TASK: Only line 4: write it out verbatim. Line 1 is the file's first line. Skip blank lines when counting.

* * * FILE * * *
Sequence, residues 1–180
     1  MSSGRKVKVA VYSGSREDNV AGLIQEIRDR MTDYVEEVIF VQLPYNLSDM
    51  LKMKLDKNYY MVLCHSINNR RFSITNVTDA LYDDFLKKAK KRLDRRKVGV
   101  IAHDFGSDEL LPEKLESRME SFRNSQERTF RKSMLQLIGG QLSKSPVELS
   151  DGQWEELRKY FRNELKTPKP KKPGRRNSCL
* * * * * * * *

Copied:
   101  IAHDFGSDEL LPEKLESRME SFRNSQERTF RKSMLQLIGG QLSKSPVELS